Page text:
Convenience retail trade groups say don’t play politics with our sector
POLITICIANS should keep their hands off the National Minimum Wage. That’s the message from retail trade representative groups following Vince Cable’s demand for the Low Pay Commission to restore the real-terms value of NMW.
Cable, the coalition government’s business secretary, told the Liberal Democrat UK conference in Glasgow last month that the NMW had fallen in real terms by 10-12% since 2008 and that he fears that the recovery will leave low-paid workers behind.
He’s asking the Low Pay Commission, which sets the NMW, to consider how the rates could be increased above the norm.
The move was interpreted as a pre-election marker from the Lib Dems, putting living standards in a growing economy at the heart of the coalition partner’s strategy.
Cable said: “The national minimum wage is a vital safety net in protecting the low paid. However, as signs of an economic recovery start to emerge, we need to do more to make sure that the benefits of growth are shared fairly across the board.
“The Low Pay Commission carries out valuable, detailed work looking at labour conditions across the economy. I am asking them to extend this expertise to look at what economic conditions would be needed to allow the NMW to rise by more than current conditions allow.”
But his views met with fierce resistance from organisations representing Britain’s convenience stores.
The Scottish Grocers’ Federation said the move was political meddling. Public affairs adviser John Lee said: “The Low Pay Commission should be allowed to get on with its job without interference from politicians grand-standing at party conferences.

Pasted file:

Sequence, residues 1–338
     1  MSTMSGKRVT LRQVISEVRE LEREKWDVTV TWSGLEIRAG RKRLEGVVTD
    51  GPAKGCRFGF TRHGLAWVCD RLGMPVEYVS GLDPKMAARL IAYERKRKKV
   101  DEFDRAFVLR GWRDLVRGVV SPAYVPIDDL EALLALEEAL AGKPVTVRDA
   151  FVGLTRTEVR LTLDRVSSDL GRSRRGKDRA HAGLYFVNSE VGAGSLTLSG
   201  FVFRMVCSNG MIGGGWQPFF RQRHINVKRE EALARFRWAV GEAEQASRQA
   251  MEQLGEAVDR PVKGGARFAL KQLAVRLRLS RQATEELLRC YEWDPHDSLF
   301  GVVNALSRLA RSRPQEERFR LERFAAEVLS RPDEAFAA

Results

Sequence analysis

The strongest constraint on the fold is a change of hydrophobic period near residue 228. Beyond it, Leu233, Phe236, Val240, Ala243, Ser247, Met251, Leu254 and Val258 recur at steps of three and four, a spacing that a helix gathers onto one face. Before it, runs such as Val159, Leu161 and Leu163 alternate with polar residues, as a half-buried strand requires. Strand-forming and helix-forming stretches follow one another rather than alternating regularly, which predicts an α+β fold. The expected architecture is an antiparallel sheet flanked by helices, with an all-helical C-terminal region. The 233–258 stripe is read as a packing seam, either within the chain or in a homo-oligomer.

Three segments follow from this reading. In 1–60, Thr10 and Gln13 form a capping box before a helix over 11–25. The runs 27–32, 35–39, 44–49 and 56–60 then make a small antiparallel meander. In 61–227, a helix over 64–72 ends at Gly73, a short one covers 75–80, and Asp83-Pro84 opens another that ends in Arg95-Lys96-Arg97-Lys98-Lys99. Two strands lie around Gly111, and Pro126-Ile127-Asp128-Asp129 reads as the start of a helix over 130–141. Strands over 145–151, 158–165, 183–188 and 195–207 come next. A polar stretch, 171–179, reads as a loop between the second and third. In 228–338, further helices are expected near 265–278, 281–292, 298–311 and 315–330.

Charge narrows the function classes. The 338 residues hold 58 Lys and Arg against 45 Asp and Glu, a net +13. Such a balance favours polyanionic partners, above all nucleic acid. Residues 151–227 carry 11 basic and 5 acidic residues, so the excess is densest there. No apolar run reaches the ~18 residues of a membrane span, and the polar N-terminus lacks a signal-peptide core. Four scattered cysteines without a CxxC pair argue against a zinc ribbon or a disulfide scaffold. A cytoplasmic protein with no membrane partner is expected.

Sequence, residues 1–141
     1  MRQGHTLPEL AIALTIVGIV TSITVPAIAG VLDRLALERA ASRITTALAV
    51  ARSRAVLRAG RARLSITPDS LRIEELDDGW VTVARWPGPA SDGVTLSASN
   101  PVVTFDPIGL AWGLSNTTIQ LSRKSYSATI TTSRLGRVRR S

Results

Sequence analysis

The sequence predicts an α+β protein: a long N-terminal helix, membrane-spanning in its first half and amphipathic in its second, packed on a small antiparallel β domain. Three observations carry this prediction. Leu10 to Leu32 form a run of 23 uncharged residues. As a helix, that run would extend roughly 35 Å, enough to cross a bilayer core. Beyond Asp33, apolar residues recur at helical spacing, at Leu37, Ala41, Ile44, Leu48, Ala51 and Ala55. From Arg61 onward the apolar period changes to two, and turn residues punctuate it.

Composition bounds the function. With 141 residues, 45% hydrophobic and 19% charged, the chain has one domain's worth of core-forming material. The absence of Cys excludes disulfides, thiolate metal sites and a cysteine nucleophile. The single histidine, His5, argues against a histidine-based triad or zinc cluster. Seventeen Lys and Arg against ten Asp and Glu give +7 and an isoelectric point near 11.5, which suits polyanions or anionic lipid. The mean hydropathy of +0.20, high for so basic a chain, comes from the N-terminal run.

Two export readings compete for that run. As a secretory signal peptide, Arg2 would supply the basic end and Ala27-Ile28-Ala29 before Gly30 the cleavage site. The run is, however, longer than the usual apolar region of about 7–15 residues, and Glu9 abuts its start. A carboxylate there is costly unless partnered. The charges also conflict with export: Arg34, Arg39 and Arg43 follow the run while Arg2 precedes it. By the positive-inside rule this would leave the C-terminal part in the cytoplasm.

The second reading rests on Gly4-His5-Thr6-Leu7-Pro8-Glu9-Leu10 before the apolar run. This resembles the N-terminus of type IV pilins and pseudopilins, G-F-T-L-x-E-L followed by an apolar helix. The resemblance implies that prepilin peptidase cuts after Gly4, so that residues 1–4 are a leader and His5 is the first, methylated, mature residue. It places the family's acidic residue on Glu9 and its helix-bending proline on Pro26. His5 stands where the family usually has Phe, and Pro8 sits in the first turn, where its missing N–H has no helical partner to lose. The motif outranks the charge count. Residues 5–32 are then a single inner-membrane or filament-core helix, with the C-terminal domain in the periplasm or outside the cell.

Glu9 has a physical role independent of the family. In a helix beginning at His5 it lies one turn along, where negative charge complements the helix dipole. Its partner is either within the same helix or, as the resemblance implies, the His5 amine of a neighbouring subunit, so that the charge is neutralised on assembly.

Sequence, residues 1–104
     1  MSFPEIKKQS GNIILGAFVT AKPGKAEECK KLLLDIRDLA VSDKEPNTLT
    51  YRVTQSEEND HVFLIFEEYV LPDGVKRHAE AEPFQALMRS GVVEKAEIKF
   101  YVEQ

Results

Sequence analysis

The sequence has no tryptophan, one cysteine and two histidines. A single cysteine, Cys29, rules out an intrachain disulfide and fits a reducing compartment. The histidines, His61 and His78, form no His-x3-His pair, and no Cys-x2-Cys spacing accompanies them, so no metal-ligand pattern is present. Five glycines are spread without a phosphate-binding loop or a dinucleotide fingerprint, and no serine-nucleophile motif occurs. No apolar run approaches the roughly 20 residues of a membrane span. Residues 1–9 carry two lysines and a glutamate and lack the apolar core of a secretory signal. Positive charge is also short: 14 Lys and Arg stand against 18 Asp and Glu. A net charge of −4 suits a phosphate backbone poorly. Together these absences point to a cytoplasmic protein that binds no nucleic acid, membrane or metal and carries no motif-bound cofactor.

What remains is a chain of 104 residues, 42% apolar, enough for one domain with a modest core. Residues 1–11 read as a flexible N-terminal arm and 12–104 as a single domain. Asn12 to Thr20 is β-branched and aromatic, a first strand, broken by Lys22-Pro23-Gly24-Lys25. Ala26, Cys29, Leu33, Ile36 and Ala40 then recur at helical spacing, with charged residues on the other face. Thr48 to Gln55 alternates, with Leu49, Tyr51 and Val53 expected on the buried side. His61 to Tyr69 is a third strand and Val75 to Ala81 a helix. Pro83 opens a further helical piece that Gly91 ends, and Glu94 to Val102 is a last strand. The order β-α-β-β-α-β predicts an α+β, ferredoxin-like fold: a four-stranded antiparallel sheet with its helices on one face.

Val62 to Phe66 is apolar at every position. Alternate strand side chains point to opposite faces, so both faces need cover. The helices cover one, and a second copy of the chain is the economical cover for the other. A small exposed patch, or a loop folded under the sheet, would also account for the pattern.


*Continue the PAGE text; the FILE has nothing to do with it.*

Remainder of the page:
“We want to protect jobs and encourage investment.
“The NMW has risen strongly over time, outpacing inflation, average earnings and even GDP growth since its introduction. Politicians have to realise that the impact on an employers’ overall wage bill varies substantially by industry sector. Firms in finance or construction see their wage bills rise by only around 1% while retailers can see their wage bills rise by five or six times as much.”
He added that c-stores are “a valuable source of job for young people and parents who need part-time flexible employment. There is evidence that it’s those groups who are most affected by rises in the NMW; often finding their hours reduced, he said.
The Association of Convenience Stores argues that the NMW had already hit retailers hard.
“As the NMW has increased, we have seen pay structures squeezed, investment decisions delayed and independent retailers taking on more hours themselves,” an ACS statement said.
• The minimum wage is currently set at £6.31 for workers aged over 21, with a rate of £5.03 for 18 to 20-year-olds and £3.72 for under-18s.